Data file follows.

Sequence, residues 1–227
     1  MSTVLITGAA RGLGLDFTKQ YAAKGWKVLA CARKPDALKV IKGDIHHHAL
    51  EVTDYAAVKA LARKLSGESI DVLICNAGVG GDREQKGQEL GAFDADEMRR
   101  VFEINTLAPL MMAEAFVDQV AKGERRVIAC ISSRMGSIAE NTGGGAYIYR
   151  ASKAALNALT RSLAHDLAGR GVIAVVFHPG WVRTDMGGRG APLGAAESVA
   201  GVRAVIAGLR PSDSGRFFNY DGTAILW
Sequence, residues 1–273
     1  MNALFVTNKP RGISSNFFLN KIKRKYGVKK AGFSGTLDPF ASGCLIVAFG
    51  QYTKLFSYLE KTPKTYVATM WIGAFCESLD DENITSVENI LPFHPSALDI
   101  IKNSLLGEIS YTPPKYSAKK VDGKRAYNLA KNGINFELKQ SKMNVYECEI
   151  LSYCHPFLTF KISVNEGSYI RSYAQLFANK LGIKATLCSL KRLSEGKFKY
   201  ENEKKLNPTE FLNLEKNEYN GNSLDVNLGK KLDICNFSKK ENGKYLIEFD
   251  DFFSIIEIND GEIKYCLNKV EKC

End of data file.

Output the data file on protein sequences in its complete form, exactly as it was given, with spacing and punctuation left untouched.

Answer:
Sequence, residues 1–227
     1  MSTVLITGAA RGLGLDFTKQ YAAKGWKVLA CARKPDALKV IKGDIHHHAL
    51  EVTDYAAVKA LARKLSGESI DVLICNAGVG GDREQKGQEL GAFDADEMRR
   101  VFEINTLAPL MMAEAFVDQV AKGERRVIAC ISSRMGSIAE NTGGGAYIYR
   151  ASKAALNALT RSLAHDLAGR GVIAVVFHPG WVRTDMGGRG APLGAAESVA
   201  GVRAVIAGLR PSDSGRFFNY DGTAILW
Sequence, residues 1–273
     1  MNALFVTNKP RGISSNFFLN KIKRKYGVKK AGFSGTLDPF ASGCLIVAFG
    51  QYTKLFSYLE KTPKTYVATM WIGAFCESLD DENITSVENI LPFHPSALDI
   101  IKNSLLGEIS YTPPKYSAKK VDGKRAYNLA KNGINFELKQ SKMNVYECEI
   151  LSYCHPFLTF KISVNEGSYI RSYAQLFANK LGIKATLCSL KRLSEGKFKY
   201  ENEKKLNPTE FLNLEKNEYN GNSLDVNLGK KLDICNFSKK ENGKYLIEFD
   251  DFFSIIEIND GEIKYCLNKV EKC